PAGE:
Indigenous Peoples Day is celebrated on the Pullman campus on October 11 with several events, including a film screening and a speech by a prominent Native American author and poet.

WSU began celebrating Indigenous Peoples Day in 2018. A resolution passed by the Association of Graduate and Professional Students called for Columbus Day to be replaced with an opportunity to “actively encourage students to remember the colonial legacy of the policies and practices of the United States federal government. on Indigenous communities and seek to understand the strength and hope of Indigenous communities today.

Indigenous Peoples Day was officially recognized on the second Monday in October following a proclamation by WSU President Kirk Schulz.

This year’s events begin at 9 a.m. with a tipi assembly demonstration on Todd Steps, which is also where the Native American Student Center will be holding a table and passers-by can play “Indigenous Trivia”. A drummer group will also meet at Todd Steps at 10 a.m.

A light lunch at the Elson S. Floyd Cultural Center will be followed by an opening speech by Kimberly Blaeser, professor at the University of Wisconsin-Milwaukee and professor at the Institute of American Indian Arts in Santa Fe, New Mexico. Blaeser’s speech begins at noon and will be broadcast, with a link coming soon to the WSU Women’s Center website.

At 4 pm, the cultural center will also host the screening of “Exterminate all the brutes”, a documentary series produced by Raoul Peck. The series deconstructs the making and masking of history and delves into the exploitative and genocidal aspects of European colonialism. A trailer is available online.

Past and present members of the WSU Vancouver Native American Community Advisory Board will host an Indigenous Peoples Day Forum in Room 129 of the Dengerink Administration Building starting at 1:30 pm The event will also be broadcast. via Zoom. The Vancouver campus hosts conferences related to Indigenous and Indigenous communities on issues of environmental justice and food equity throughout October. More information is available online.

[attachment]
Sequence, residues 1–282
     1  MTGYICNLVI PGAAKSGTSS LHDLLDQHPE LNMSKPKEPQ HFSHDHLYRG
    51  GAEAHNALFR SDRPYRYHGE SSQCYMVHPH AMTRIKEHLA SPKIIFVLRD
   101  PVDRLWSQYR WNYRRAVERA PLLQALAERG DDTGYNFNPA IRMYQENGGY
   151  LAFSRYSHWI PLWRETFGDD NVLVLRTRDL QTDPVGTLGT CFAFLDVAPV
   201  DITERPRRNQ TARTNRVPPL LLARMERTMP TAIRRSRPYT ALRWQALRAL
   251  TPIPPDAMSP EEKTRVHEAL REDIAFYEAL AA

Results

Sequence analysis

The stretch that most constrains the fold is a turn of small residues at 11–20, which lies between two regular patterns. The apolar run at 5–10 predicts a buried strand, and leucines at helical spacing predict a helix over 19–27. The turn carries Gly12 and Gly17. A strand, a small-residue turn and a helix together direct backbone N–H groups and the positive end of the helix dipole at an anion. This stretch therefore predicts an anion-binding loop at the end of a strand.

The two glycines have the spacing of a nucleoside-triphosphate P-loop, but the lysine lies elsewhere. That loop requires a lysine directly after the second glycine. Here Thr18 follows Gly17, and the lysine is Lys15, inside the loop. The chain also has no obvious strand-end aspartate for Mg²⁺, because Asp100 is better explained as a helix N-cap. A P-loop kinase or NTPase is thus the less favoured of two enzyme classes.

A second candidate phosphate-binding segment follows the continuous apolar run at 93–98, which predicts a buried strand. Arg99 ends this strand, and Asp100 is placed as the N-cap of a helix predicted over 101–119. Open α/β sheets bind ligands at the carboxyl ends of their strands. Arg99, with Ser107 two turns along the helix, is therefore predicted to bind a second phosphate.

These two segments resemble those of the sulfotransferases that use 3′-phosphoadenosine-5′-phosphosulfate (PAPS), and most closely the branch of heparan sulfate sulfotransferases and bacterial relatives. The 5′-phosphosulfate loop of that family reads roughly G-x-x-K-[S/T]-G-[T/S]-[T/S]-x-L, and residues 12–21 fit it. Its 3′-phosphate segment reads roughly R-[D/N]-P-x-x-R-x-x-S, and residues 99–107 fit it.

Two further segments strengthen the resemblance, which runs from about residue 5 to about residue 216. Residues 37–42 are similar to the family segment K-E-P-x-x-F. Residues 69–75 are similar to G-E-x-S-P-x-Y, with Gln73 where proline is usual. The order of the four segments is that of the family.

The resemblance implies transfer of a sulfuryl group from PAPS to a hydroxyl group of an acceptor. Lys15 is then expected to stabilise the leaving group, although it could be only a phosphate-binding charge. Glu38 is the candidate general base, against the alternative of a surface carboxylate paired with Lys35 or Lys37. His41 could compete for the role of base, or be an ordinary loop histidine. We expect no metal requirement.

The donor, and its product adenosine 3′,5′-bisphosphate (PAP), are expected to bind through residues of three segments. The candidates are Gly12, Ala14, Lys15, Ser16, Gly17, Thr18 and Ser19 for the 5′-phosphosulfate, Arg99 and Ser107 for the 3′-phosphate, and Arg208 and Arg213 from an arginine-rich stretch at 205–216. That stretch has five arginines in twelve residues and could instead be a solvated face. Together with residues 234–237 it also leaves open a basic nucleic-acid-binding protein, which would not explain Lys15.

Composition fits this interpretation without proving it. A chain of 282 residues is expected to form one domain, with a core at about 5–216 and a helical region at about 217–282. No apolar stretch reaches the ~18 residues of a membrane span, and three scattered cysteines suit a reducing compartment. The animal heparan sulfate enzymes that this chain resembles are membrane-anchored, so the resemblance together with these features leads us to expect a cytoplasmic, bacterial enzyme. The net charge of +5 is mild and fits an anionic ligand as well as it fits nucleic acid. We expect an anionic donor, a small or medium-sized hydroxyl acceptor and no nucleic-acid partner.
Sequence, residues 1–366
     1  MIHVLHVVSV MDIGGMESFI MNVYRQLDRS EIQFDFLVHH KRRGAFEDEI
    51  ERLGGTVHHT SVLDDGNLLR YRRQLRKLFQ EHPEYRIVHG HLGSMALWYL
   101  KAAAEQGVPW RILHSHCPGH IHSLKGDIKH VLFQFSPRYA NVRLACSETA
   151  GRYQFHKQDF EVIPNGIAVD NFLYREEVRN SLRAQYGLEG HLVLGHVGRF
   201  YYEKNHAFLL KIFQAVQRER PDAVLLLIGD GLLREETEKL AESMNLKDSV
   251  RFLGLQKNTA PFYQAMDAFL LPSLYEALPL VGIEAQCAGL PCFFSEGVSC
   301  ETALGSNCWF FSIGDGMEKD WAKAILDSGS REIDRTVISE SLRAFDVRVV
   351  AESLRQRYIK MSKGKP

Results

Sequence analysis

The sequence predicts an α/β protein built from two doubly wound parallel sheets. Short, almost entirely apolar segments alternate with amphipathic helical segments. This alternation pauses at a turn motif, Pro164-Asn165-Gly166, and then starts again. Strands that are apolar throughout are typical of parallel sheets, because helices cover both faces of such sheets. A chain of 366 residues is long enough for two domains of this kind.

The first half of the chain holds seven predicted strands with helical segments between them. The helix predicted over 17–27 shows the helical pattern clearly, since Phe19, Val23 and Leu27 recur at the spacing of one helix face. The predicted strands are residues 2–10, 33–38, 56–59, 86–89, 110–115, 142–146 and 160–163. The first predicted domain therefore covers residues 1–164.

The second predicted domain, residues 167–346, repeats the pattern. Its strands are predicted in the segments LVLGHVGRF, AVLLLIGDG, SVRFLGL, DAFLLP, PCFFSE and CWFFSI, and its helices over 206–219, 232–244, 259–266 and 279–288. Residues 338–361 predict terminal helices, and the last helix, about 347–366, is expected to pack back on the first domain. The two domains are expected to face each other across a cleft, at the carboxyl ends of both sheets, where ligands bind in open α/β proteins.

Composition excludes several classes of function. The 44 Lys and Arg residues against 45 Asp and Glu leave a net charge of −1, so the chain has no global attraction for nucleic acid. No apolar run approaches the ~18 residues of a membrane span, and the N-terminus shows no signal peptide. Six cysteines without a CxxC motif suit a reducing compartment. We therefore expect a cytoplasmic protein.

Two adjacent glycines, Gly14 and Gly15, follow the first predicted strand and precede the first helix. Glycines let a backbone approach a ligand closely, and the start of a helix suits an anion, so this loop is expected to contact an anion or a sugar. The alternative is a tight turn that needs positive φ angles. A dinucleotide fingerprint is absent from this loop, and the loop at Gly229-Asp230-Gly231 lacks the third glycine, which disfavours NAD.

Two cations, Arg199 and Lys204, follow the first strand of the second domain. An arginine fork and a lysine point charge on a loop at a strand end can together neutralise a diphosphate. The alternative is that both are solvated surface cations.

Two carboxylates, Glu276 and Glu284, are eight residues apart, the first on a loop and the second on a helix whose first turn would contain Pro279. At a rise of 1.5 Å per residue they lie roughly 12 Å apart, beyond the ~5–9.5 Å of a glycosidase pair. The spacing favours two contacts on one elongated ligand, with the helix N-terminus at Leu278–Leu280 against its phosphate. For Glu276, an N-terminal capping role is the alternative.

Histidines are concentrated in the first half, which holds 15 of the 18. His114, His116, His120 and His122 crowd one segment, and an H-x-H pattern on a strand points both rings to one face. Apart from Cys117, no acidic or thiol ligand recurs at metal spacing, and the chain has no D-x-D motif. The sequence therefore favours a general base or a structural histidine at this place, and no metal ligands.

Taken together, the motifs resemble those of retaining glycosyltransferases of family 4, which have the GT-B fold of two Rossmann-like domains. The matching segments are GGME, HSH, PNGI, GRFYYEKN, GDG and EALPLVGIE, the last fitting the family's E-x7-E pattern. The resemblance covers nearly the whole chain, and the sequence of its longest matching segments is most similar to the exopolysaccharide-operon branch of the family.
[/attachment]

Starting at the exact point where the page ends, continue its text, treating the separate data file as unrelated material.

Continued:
When asked what Indigenous Peoples Day meant to her, Professor Zoe Higheagle Strong, Executive Director of Tribal Relations and Special Assistant to the Provost, recalled a phrase in the traditional language of Nez Perce nimipuutímt—‘itúu wic’and’ipecwise. She remembered the phrase after listening to a relative, Angel Sobotta, tell one of their tribe’s traditional stories linked to a sacred place above the Clearwater River.

“First, celebrating indigenous peoples means recognizing that our knowledge systems, our learning and our sense of responsibility have a deep connection to the land, or ‘wéetes,’ she said. “Second, that phrase means ‘What do you want / want to become?’ Our motivation for college and careers is deeply rooted in our responsibility to care for our land, our tribe, and all of our relationships. Life depends more on who we become as a human being than on what we accomplish.

Indigenous Peoples Day is celebrated on the Pullman campus on October 11 with several events, including a film screening and a speech by a prominent Native American author and poet.

In celebrating Indigenous Peoples Day, Higheagle Strong calls on members of the WSU community to consider the issue of ‘itúu wic’and’ipecwise – who do they want to become.

WSU Provost and Executive Vice President Elizabeth Chilton said: “As a land grant institution established under the Morrill Act of 1862, we must recognize our historic connection to the dispossession of Indigenous lands. The commemoration of Indigenous Peoples Day is only a small part of a larger institutional commitment to Indigenous Peoples in the present.

Higheagle Strong agrees.

“WSU strives to provide meaningful education, research and work that benefits the well-being of Washington residents and the land. As leaders of this institution, we will take a moment to reflect on our continued responsibility to recognize the colonial history of our university and to address the ways in which colonial practices continue today. As a university community, we must defend tribal sovereignty and continue to build meaningful relationships with indigenous communities, ”said Higheagle Strong.

Indigenous Peoples Day events are made possible through the efforts of regional tribal partners, Native American programs, Native American Student Center, Asian American and Pacific Islander Center, and the Native American Health Sciences. WSU also recognizes our Indigenous student organizations for their exceptional leadership—Indigenous student organizations, Hui Hau’oli O ‘Hawai’i (Hawai Club), and the Pacific Islanders Club.


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